• Find other people with the same goal. It helps to have a cheerleader.
  • Find a mentor for each goal you’re working on. That way, if the going gets tough, you can talk to someone who’s been there.
  • Read success stories. They also can provide inspiration and motivation.
  • Reward yourself for each accomplishment.

Tracking your progress

Finally, track your progress. A soon as you reach a goal, add another to your list. Also, try to record your work and accomplishments in a journal. This can help keep you on track. And nothing provides better motivation than reflecting on a job well done.

Resource

Mind Tools
www.mindtools.com

By Kristen Knight
Source: Sparkpeople.com, www.sparkpeople.com; Mind Tools, www.mindtools.com; Motivation in the Real World by Saul W. Gellerman, PhD. Dutton, 1992.

Summary

Plan right away and set goals that are realistic, positive, and specific.

Are you looking for inspiration? Do you feel you need a new career direction? Maybe you need a reason to move ahead. Goal-setting can provide that motivation. Goals keep people proactive—planning the next step, rather than waiting for it to happen. But goals need to be more than vague resolutions that start fading from memory after New Year’s Day. To get results, it’s important to set both long- and short-term goals and stick with them.

You can set goals in any area of your life—at work, with your finances, or even in personal relationships. Planning plays a key role in the process, and you should start right away. Procrastinating is a sure way to fall short. First, consider the elements of an achievable goal:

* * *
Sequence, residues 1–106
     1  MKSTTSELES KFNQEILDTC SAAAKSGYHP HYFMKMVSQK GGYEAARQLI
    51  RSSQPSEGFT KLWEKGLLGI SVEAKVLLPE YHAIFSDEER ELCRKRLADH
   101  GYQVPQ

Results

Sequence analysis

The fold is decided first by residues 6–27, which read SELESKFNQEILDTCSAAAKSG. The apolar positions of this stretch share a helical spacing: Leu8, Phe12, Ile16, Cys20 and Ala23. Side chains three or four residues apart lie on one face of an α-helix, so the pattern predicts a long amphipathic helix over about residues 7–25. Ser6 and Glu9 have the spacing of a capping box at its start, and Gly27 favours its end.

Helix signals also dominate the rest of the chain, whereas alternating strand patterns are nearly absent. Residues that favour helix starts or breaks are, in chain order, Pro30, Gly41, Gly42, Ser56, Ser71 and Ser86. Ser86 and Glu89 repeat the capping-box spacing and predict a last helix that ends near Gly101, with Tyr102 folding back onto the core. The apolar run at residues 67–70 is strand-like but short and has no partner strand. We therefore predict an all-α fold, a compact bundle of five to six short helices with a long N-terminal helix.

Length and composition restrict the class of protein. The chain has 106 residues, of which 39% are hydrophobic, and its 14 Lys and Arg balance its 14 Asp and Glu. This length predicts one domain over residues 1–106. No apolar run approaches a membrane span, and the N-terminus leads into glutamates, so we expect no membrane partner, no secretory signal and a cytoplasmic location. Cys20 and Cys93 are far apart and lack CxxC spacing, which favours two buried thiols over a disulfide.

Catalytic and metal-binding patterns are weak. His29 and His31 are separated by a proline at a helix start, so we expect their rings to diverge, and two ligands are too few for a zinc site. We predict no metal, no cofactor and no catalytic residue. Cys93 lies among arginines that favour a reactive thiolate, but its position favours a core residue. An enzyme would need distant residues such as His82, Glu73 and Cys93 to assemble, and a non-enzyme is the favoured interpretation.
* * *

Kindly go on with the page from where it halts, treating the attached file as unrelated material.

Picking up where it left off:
• It’s phrased as a positive statement. Don’t base goals on avoiding failure.
  • It’s specific. Use as much detail as possible when describing what you want to accomplish.
  • It’s realistic. Real goals require discipline, but don’t set yourself up for failure by setting a goal you can’t reach.
  • It’s measurable. You need to have the ability to evaluate your progress. Design goals with built-in benchmarks.
  • It has a firm completion date. In order to set additional goals, you need to accomplish one first.

Getting started

Brainstorm goals in the area of your life you want to concentrate on. If you’re not sure how to get started, try writing your own definition of success. How will you live up to that definition?

Write your goals down. Keep them in your planner, journal, or another place where you can see them every day. Then, prioritize your goals so you don’t feel overwhelmed. Emphasize only a few long-term goals at a time, and break bigger goals up into several short-term goals. Short-term goals can help you make progress by providing more chances for success and satisfaction. Formulate each day’s goals so that you can reward yourself when you accomplish them.

Planning for success